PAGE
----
New Zealand's greatest All Black, Sir Colin Meads, remembers a slightly uncomfortable meeting he and his younger brother Stan had with the Queen Mother during a tour of Britain in 1963.
The Meads brothers were summoned with the Clarke brothers, Don and Ian, to chat with Her Royal Highness about New Zealand.
But Meads said he hated telling people where he was from because of the sideways looks he used to get from people who had no idea where Te Kuiti was.
"I used to always say to people 'it's a little town about 50 miles south of Hamilton'," he said.
"The Queen Mother said 'I'm going to the Waitomo Caves next year' and I said 'ah well, that'll do me'."
Yesterday the Meads brothers were honoured in a renaming ceremony for the town that Te Kuiti locals hope will draw people to their town to visit during the Rugby World Cup.
From now until the end of the tournament, the small King Country town has renamed itself Meadsville to celebrate its two favourite sons and their rugby exploits.
In the centre of town on Rora St stands an outdoor picture gallery with several life-sized vintage photographs chronicling the brothers' playing days, when they locked the All Black scrum together in 11 matches.
Across the road, the local hairdresser has called itself "Pinetree Trimmers", the BNZ "Pinetree's Piggybank" and the Te Kuiti Pharmacy now promotes itself as the place to get your "Meadicine".
The Meads brothers, who were at yesterday's ceremony with their families, were clearly humbled by the ceremony.
"It's quite amazing, really, it's all very flattering. I thought this would have been more for Colin than myself, to be honest," said Stan Meads, 73.
"People around here still call him Colin, you won't get people calling him Sir. It's either Colin or Tree."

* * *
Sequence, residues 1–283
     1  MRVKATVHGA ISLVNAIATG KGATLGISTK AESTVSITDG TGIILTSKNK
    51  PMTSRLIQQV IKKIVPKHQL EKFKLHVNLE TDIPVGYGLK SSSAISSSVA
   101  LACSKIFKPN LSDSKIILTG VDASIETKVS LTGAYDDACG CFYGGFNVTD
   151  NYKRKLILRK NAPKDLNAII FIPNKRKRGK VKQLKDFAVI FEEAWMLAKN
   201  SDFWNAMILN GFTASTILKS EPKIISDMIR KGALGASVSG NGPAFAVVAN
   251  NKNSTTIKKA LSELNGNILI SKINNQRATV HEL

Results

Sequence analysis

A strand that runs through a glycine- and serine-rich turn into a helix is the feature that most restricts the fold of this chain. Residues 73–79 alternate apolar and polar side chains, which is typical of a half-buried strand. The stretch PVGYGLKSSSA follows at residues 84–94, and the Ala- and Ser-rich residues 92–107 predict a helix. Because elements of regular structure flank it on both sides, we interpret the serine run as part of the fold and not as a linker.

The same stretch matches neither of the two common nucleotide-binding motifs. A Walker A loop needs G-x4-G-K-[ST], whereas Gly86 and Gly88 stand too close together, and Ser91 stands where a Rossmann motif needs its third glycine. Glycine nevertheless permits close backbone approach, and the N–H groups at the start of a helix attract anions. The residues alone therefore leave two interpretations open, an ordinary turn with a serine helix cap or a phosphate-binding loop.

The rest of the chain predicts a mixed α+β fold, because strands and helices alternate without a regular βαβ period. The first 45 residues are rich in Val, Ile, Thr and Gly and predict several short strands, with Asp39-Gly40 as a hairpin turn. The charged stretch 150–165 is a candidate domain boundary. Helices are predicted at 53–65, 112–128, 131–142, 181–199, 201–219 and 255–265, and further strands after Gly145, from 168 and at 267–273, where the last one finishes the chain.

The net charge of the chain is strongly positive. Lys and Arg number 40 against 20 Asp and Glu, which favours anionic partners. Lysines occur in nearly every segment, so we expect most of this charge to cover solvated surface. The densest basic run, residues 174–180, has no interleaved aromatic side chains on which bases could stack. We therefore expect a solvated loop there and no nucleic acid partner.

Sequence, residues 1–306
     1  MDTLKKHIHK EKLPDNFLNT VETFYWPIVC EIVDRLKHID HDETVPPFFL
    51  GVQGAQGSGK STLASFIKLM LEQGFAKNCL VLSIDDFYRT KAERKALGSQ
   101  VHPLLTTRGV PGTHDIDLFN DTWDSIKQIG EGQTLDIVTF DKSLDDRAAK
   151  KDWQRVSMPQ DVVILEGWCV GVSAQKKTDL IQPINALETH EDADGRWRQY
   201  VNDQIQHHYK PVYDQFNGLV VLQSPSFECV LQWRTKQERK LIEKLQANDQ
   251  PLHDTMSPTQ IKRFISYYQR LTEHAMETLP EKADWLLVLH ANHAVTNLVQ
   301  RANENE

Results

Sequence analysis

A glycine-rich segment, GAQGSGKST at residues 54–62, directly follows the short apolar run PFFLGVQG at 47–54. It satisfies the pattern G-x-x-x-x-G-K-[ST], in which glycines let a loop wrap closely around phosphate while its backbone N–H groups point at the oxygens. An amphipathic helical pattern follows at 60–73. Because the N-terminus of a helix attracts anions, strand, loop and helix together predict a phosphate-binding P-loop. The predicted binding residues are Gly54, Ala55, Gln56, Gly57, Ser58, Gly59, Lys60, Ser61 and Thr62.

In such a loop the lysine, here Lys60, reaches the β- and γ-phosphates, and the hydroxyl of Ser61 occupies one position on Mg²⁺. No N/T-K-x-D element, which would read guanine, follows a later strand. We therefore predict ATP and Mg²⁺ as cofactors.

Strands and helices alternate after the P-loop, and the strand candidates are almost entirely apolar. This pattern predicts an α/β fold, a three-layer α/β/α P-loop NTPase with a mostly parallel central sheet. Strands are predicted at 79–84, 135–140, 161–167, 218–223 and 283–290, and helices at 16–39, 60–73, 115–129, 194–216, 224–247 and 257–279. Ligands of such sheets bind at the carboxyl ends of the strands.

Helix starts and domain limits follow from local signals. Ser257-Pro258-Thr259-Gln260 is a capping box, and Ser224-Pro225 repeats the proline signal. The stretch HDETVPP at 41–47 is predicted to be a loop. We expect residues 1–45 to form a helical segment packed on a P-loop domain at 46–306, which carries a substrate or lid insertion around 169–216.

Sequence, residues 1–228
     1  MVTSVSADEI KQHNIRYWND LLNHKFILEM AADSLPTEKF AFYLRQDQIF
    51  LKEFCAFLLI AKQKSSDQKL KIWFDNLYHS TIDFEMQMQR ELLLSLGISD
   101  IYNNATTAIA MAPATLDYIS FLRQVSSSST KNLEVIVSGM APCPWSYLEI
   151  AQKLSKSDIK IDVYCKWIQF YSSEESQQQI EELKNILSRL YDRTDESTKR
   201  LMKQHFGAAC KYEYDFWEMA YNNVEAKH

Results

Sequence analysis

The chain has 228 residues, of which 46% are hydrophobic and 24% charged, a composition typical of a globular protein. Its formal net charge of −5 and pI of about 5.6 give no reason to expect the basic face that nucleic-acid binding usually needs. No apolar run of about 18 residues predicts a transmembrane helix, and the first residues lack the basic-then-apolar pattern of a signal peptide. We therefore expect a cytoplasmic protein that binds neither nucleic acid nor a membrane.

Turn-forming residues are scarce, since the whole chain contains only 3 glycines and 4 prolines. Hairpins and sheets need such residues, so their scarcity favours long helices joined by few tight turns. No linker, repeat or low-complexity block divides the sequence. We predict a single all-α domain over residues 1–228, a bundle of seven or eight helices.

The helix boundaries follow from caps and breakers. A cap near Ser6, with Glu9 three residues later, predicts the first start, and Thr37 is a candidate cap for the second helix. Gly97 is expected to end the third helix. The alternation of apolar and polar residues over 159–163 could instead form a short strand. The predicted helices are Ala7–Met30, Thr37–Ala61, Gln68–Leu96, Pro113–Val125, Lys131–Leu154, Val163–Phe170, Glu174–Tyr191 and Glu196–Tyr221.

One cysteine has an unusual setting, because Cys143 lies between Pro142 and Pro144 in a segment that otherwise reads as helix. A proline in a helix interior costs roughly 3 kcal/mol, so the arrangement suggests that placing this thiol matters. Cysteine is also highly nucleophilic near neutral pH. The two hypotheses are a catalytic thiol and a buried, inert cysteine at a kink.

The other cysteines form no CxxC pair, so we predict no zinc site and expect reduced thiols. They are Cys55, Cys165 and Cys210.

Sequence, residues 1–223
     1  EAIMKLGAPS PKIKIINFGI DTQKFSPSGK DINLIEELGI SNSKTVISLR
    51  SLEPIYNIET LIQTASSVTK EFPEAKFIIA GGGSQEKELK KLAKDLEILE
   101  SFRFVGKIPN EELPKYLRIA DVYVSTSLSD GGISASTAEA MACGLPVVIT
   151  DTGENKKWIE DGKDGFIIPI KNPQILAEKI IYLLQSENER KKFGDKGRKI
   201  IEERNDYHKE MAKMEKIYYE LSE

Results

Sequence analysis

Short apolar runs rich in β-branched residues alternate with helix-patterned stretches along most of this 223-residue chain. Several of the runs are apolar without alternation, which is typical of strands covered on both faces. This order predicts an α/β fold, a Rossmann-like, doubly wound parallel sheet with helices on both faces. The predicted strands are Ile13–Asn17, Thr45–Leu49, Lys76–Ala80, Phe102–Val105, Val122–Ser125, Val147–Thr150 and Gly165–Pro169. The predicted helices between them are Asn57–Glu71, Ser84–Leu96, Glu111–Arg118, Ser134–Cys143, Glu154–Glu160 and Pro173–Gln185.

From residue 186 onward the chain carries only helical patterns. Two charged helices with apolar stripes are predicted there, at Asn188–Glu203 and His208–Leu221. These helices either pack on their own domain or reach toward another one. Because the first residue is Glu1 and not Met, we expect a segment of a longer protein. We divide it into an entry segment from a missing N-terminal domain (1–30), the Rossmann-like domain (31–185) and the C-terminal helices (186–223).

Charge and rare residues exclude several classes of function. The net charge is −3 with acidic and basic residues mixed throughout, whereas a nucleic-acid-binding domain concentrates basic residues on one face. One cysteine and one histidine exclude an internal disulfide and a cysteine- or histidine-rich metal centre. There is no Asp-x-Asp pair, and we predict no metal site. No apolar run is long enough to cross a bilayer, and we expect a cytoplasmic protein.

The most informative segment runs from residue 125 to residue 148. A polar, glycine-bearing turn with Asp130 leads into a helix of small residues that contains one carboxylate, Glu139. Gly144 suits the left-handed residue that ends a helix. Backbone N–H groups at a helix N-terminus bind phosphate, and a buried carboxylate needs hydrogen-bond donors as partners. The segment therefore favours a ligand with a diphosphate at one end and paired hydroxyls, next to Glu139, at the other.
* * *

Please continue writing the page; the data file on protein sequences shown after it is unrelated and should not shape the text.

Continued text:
Waitomo District Mayor Brian Hannah said the town's renaming was a way of celebrating the brothers' rugby accolades.
"This is a perfect way of celebrating their contribution. Pinetree has done so much for our district and for so many others, he's really dedicated his life to serving so many communities."
Waitete Rugby Club co-patron Leo Dempsey, 82, said he watched the brothers' rugby careers starting back in the early 1950s when they first joined the club.
Mr Dempsey said the town took a lot of pride in their two great All Blacks, who can still be seen most Fridays at the Waitomo Club having a beer with their mates, when Sir Colin is not on one of his many speaking engagements.
"When there was an All Black team announced you would always listen for the name Meads, or if it came out in the newspaper you'd always look out for the name Meads. Of course it was good to see one of their names but bloody great to see two names."
Colin Meads' youngest daughter Shelly Mitchell, who turned 40 yesterday, said her father had many visitors over the years from all over the world wanting to speak to the rugby legend.
She had received several calls from an Otago group called the number five club who regularly call him at midnight on his birthday for a yarn.
"People probably think 'oh it's Colin Meads, he won't be in the phonebook' but of course he is."
Colin Meads said he would be busy during the Rugby World Cup with speaking engagements so visits were probably unlikely.
He said Saturday's loss to Australia wasn't a bad thing and New Zealand should still be favoured to win the cup.
"When they beat the All Blacks, Aussie get too cocky," he said.
"When they came out for the first game this year they were cocky because they beat us in Hong Kong last year, all the talk was 'we know how to beat you'. They'll be like that now."